In the first installment of our interview with Dorote Zaukaite, also known as Tireless Artist, Dorote introduces us to the world of her unique dolls, from BJDs to ribbon jointed dolls, and dazzles us with her incredible costumes and wigs.
BJDmagazine: Did you get training as an artist, or are you self-taught?
Dorote: Yes, I’ve got training. I studied in an art college. We had sculpting and painting and drawing and anatomy lessons. I must admit, sculpting and anatomy were my least favorite subjects… How could I know that one day they would become the most useful ones?
BJDmagazine: What are your inspirations for your dolls?
Dorote: I get inspired by lots and lots of things. It can be a beautiful misty morning, or some person, or phrase, or feeling or anything else. I love the Gothic and Baroque eras for their costumes; I love the Renaissance just because it was the renaissance. I am interested in history. Dolls are my way of communicating with the world. Sometimes I want to tell a fairy tale and I make some anthropomorphic creature, at other times I want to talk about the roots of humanity so I create an African doll. It is great when people look at my work and see what I am telling them, and it is also fine if they just see a beautiful doll. I am happy as long as my art brings positive emotions.
BJDmagazine: How has your work as a doll-maker evolved over time?
Dorote: My journey as a professional doll artist started when I saw a photo of an Asian BJD for the first time. I was amazed by the way the doll was posing, and by the sadness in her eyes. So I started “digging” for more information and I discovered the magic world of hand made dolls. I just fell in love with the idea of a doll as an art object.
So yes, my first doll was a BJD. However, my head was exploding with ideas and different characters and making BJDs was a really slow process, so I started trying other doll making techniques. This was the reason why many of my early dolls were static. I was experimenting with costuming and searching for my style. I was playing with human body proportions which brought me to that non human thin and tall shape which my dolls have now. Not so long ago, I got inspired by a primitive way of jointing dolls using string, and raised the technique to a new level by making Ribbon Jointed Dolls which do not look primitive at all. At this point, I already know what I want from the aesthetics of my dolls and I see clearly which direction they will evolve; and – most important – I am ready to come back to BJD making.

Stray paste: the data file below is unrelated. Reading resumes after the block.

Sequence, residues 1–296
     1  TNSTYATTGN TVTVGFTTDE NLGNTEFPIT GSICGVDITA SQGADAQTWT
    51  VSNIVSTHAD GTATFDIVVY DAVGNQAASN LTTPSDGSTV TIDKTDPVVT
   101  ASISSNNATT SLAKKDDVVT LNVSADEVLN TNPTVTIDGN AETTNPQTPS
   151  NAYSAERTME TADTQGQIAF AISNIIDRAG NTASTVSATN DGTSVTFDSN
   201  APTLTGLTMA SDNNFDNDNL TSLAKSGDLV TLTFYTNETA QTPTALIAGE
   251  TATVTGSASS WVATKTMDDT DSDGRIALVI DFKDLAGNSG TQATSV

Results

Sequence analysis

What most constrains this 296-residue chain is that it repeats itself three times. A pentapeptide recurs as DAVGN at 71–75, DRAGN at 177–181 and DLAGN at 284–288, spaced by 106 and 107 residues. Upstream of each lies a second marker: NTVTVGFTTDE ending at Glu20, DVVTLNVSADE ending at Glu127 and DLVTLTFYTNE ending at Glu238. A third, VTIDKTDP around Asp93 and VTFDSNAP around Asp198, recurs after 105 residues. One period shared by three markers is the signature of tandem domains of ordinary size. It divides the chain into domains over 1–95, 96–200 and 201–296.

BJDmagazine: Tell us more about your BJD, Dirvolira. What is your inspiration for her?
Dorote: Dirvolira is an ancient Lithuanian goddness of fields and households. We have very little information about our ancient gods, as Christianity erased them from people’s memory. I wanted to bring her back to life – a fragile forgotten goddess from a deep past.
BJDmagazine: What made you chose this type of articulation. Why are her wrists not ball-jointed?
Dorote: As I’ve mentioned earlier – I felt that I am finally ready to come back to BJDs. This character just had to be BJD, as no other construction could have given her the flexibility I wanted. I just had this image in my mind of a tiny fragile creature rolled into a ball. About the wrists – it is a playful detail which makes her different from a traditional BJD. (I have to admit I love breaking traditions) The pictures do not show that, but when you handle her, her hands tremble. It is a result of their construction – and works perfectly with the image I wanted to create.